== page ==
You’re a college graduate, with student loans and need something reliable and cheap to get around in. What do you seek out? Like any gearhead, I spent hours on Craigslist and other online classified posting sites for the perfect beater err. second car to drive everyday. I ended up with the keys to a $2,000 Saturn. Why on earth would someone buy an 18-year-old, forgotten orphan child of the GM family? What car nut buys a 1995 Saturn SL1? Me.
Having done research on these cars and always having been intrigued by its sharp 1990s styling (no sarcasm there), I sprung for a nearly-mint, low mileage, rust-free gold SL1 at a local dealership. Good grief was this thing slow. Its’ 1.9-liter four-cylinder made 100 horsepower new…..”new” being the key word. It took me longer to prepare and brew a cup of Maxwell House coffee than it did for this little old Saturn to crawl towards 55mph on the interstate. But I still loved it. Its’ sluggish four-speed automatic was quite possibly the worst transmission I’ve ever laid hands upon. Roll-down windows, non-ABS drum-breakes, manual locks and mirrors and cassette player (what’s that?), made this a basic little car. And I still loved it. The vast majority of cars made within the past few years are just too busy and complex. No disatrous infotainment systems, no auto start/stop this and that, no touch-sensitive gizmos or over the top safety nancies. This SL1 was simple to operate, easy to drive, and effortless to work on. Spark plugs and wires took me under ten minutes to do. A thermostat and engine coolant temperature sensor were easier to replace than taking the battery out of my father’s 2007 Honda Odyssey. This little Saturn taught me more and more about wrenching, and gave me close-up lessons on what parts make a car run. The knowledge I gained –which may have been as a result of frustration at times– was beyond worth it.
Now, this isn’t a fairy tale because like many older Saturn SLs, it guzzled oil and had a head gasket slowly clinging on to its last leg of life. “You should invest in Shell or Mobil,” co-workers at my day job often joked, when I explained how my car went through nearly 4 quarts of oil in 1,000 miles. Yikes, you read that right. I took to the fourms for advice, fixed and cleaned up a few things to slow down the oil burning and the SL1 kept chugging on. I didn’t mind putting the time and money into keeping that little car running strong, eager to teach myself more about maintaining a daily driver. It was fun. People often commented on how good of shape the car was in, the once-a-week car washses and waxing helped.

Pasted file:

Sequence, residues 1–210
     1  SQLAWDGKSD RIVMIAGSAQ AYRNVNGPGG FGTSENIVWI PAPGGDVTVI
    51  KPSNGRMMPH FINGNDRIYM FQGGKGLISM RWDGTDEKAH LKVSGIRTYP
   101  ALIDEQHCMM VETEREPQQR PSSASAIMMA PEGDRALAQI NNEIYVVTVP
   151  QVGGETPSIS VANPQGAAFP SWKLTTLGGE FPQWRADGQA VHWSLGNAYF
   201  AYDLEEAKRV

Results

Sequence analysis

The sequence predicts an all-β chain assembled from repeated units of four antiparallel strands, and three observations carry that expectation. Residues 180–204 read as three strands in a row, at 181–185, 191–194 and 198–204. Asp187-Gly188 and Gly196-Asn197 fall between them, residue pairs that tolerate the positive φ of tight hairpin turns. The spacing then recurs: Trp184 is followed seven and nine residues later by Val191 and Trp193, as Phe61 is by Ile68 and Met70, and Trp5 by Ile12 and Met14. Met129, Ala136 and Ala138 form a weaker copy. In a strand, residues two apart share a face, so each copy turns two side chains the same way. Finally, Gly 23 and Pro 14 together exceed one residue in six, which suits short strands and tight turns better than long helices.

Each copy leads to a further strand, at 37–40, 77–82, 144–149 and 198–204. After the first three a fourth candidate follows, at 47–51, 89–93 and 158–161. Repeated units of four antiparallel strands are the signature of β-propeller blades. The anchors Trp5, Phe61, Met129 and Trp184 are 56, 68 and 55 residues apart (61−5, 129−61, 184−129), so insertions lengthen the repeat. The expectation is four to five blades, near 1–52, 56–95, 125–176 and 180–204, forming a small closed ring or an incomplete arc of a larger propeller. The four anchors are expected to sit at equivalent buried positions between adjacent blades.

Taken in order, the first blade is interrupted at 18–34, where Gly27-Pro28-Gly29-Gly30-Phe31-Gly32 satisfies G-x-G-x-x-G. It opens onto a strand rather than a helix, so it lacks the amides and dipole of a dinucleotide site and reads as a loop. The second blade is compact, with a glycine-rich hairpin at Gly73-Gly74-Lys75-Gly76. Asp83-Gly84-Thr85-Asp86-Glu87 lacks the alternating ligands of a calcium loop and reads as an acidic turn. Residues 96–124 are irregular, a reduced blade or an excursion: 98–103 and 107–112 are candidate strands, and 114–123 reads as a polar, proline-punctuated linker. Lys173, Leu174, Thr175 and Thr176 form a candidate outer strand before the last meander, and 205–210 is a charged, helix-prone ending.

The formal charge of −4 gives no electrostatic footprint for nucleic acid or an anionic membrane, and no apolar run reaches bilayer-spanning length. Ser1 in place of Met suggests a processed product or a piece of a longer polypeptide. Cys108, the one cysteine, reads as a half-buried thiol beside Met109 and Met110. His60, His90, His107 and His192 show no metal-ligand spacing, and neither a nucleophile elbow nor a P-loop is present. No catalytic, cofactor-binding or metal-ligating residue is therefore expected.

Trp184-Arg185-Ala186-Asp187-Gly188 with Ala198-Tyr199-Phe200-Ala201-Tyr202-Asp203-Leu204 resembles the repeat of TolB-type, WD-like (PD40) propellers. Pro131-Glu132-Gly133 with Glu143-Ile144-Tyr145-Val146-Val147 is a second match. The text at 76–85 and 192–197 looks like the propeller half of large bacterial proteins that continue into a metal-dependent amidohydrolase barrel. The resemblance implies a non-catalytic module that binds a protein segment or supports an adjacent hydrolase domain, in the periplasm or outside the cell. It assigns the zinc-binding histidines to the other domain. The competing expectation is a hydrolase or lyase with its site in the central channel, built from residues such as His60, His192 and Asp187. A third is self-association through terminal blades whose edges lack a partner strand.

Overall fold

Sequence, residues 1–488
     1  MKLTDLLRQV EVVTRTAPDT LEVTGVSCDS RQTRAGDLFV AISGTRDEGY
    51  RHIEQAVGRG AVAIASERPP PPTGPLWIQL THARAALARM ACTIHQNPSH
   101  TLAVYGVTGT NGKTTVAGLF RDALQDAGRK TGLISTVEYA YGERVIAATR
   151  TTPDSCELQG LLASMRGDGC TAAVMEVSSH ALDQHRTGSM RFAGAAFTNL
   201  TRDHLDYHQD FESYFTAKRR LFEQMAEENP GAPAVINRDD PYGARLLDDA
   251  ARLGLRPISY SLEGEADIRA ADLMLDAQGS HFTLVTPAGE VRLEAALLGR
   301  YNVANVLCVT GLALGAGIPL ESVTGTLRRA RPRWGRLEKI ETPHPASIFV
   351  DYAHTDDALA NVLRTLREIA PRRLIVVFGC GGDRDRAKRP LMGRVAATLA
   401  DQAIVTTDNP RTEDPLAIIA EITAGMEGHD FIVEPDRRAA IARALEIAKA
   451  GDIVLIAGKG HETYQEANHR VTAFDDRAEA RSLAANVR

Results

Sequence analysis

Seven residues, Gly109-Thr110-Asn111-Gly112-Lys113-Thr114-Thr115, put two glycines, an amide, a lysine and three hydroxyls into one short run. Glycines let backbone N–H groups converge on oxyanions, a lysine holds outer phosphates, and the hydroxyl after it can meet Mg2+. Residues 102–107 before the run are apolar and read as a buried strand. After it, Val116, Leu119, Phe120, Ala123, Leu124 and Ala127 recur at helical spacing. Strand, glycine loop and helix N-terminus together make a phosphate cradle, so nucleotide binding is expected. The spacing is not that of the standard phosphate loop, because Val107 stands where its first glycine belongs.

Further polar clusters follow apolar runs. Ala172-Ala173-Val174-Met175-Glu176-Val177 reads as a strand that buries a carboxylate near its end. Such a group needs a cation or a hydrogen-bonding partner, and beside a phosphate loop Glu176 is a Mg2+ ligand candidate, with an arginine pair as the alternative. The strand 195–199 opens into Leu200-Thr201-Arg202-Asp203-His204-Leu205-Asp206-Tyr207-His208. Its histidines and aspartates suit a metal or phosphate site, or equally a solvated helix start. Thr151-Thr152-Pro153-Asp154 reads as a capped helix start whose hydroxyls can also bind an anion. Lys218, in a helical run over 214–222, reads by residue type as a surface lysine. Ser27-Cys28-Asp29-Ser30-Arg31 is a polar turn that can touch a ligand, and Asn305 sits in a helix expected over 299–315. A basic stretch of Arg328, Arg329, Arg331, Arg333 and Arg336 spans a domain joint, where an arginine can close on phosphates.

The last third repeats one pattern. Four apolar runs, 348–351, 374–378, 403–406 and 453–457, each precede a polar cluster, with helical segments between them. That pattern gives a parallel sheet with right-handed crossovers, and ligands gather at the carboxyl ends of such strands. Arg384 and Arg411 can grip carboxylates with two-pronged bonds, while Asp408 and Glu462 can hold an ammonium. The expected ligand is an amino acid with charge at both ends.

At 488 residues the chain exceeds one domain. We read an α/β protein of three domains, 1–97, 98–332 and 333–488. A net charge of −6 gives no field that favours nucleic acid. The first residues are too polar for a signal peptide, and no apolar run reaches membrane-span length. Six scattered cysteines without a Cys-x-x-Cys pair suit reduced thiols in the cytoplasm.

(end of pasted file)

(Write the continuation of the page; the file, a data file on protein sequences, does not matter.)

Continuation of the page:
On six-hour road trips to Northern Michigan, the car would cruise like a champ at (eventually) 75mph, and an entirely new exhaust system made the plastic-ridden car actually enjoyable –and quiet– to drive. Not a chick magnet at all but it could haul around three of my friends comfortably, a weekend’s worth of camping car, plow through Wisconsin snowstorms towards ski hills, and get me up to 44mpg during highway driving. Take that goofy Prius things. Even on -23 degree winter mornings, the SL1 cranked right up without hesitation. Every day this car proved its dependability. The high gas milage was great, which kind of off-set the number of dollar bills I’d throw away at 1qt jugs of motor oil. She drank oil like a drunken cougar out on the town for ladies night, but happily sipped gasoline, often times getting better gas mileage than newer hybrids and fuel-misers on the road today.
Despite this car’s impressive reliability, the minor “oil-sludge-in-the-coolant tank” head gasket fiasco continued to get worse, and I had my eyes set on a Saab 9-2x. So after 7,000 miles I threw it up on Craigslist, sold it to a guy who had had two Saturn SLs and ran a high-school auto shop, and bid farewell to a trusty companion. All this writing for some crappy old Saturn? Think what you want, but when you put in an extensive amount of time into cleaning, driving and wrenching on a car –any car– you’re going to be sad when it drives away with a happy new owner. To this day, I still miss that champagne Saturn Sl1, I’ll see you again soon…in my garage.
[Images: Copyright ©2013 Hooniverse/Robby DeGraff]